22 Oct 2019

Terrorism bill delayed as National seek conditions: 'I do feel a little dicked around' - Little

5:03 pm on 22 October 2019

The failure to get the National Party on board over the returning foreign fighters legislation means it will now be delayed.

Andrew Little

Photo: RNZ / Ana Tovey

The Terrorism Suppression (Control Orders) Bill was scheduled to have its first reading tonight, but has now been shunted well down the list.

Justice Minister Andrew Little is proposing a 'control orders' regime to boost government powers to deal with people trying to get back to New Zealand after fighting for extremist groups, or having helped their cause.

The matter had taken on some urgency, he said, with the changing situation in Syria, where the Kurds said keeping ISIS detainees in custody was no longer a priority while they were under attack from Turkey.

Mr Little met with National's leader Simon Bridges and its justice spokesperson Mark Mitchell last night, but they were unable to come to an agreement.

National confirmed its support via email last week, with no conditions attached, but now would not follow through with that commitment, said Mr Little.

"After that they then tried to seek conditions, I met with them to talk about that...they haven't indicated they will support it so frankly, I do feel a little dicked around by them."

How would Mr Bridges describe the minister's negotiating style? - "Belligerent."

Mr Little had an "interesting" way of negotiating, he said, "coming out and slagging off the people he's negotiating with", but that would not affect National's approach.

The party made its position clear when it released its first media release, said Mr Bridges, which laid out the changes it wanted to make.

"We want to continue discussions with minister Little, I'm not going to get into the name or the blame game, even if he is."

But his bottom line was National was not going to do "half a job" on New Zealanders' safety.

National is seeking changes around lowering the age, extending the duration, and giving authorities the ability to lock up people for 72 hours on arrival in New Zealand.

There were still plenty of unknowns about who was going to turn up, said Mr Bridges, and the legislation should reflect that.

Mr Little took issue with questions from RNZ about the Bill being delayed, given it's now number 19 on the legislation list saying he hadn't "delayed it as it was on the Order Paper".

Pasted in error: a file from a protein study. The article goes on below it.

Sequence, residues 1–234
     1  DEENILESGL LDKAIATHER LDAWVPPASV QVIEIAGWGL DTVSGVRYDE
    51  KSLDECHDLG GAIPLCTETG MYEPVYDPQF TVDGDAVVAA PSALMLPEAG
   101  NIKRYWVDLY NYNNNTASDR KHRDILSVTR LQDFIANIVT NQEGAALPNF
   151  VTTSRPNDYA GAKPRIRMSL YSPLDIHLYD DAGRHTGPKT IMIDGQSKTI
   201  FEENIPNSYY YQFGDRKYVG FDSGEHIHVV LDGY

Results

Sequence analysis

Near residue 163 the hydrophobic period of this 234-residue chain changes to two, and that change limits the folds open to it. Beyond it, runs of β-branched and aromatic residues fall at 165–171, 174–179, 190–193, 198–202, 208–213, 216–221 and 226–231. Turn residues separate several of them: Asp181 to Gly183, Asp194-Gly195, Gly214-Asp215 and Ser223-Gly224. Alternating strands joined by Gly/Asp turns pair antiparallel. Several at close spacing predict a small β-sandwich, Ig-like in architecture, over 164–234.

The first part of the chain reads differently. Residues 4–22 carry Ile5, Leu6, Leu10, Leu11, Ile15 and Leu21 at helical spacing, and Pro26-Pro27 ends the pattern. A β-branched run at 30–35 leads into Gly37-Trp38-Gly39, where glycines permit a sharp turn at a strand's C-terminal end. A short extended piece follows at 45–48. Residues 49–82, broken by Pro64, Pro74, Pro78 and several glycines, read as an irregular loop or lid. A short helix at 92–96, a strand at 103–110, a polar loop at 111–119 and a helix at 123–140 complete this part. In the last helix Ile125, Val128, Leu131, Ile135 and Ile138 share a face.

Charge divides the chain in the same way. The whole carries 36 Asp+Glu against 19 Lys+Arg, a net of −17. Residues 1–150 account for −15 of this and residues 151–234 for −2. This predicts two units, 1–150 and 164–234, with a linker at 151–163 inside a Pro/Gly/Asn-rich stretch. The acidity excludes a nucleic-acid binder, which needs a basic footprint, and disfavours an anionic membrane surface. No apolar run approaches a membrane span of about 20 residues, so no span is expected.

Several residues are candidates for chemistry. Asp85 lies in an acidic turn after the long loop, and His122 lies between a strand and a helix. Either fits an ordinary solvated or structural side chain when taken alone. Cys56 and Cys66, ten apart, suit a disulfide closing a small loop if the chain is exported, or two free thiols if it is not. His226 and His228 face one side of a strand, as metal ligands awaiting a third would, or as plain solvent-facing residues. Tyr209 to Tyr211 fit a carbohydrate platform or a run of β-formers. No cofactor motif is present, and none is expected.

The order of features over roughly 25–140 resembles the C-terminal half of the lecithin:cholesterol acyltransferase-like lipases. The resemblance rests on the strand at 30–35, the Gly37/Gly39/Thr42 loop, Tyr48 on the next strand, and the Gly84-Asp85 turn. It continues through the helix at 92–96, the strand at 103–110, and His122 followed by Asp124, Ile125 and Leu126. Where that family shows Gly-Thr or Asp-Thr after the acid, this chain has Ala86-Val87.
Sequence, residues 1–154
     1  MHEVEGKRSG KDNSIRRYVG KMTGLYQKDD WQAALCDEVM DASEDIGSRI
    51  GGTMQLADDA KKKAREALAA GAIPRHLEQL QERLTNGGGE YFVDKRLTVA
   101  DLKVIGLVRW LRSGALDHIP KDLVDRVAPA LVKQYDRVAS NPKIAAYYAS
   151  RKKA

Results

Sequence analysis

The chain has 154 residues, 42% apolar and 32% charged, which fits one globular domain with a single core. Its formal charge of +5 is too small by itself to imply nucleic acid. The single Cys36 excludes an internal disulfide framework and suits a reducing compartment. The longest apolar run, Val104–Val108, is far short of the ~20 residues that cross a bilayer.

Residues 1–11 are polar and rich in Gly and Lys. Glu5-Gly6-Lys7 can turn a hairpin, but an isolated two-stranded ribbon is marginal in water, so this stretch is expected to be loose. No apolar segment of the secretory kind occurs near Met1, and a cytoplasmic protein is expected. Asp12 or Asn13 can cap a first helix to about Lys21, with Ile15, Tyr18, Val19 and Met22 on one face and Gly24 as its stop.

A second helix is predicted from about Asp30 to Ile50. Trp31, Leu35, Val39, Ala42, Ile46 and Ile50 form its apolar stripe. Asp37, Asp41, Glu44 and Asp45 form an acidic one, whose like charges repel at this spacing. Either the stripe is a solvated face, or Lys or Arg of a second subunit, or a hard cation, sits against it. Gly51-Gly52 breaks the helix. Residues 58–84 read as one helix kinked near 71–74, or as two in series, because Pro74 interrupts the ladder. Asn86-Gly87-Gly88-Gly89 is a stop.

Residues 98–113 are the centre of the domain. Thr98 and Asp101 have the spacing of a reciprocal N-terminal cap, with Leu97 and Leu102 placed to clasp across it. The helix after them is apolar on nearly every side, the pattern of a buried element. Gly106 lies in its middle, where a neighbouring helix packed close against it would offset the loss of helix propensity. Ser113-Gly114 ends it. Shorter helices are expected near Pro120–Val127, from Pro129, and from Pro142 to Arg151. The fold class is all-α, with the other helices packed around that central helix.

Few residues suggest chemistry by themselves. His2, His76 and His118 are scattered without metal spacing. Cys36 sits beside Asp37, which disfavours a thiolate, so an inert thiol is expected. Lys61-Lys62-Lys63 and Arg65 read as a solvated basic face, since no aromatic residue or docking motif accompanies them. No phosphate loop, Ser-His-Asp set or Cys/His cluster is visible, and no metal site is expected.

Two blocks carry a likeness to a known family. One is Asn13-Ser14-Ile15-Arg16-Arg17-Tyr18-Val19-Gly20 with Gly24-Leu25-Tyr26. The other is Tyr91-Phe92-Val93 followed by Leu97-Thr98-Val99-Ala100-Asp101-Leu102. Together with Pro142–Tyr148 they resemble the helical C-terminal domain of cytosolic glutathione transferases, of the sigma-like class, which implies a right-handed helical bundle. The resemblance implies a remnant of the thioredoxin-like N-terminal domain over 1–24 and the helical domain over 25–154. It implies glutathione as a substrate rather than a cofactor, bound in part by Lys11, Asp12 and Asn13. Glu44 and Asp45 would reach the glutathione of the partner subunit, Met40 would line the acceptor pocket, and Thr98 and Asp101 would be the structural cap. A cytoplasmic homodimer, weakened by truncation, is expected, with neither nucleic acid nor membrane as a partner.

"That said, if the real question is 'what has the National Party done?' - they've said they don't support it, they won't support it, that was as of late this morning."

He was continuing discussions with "them of sorts" and the Green Party.

Its justice spokesperson Golriz Ghahraman said they would want the definition of "terror", relating to convictions or deportation, to be a "New Zealand based" definition, or to come from comparable jurisdictions.

They would also want "procedural safeguards" put in place, she said.

Prime Minister Jacinda Ardern said they'd taken the opposition at their word, "or at least we would have liked to".

"They did give the minister written confirmation that they would support the returning foreign fighters legislation - they have reneged on their word."

There would have been plenty of time for National to negotiate changes through the select committee process, she said, which that party had chosen not to do.

The legislation is aimed at the so-called 'bumbling jihadi', Mark Taylor, who is still, as far as anyone knows, languishing in a Kurdish prison in Syria, with no passport and no indication from authorities here they're going to help him get to the closest embassy post in Turkey any time soon.

A final order can have a maximum duration of up to two years, and can then be renewed twice if there's evidence the person still meets the criteria. After six years there could be no further extensions. Breaches would constitute a criminal offence with a penalty of up to a year in jail or a $2,000 fine.

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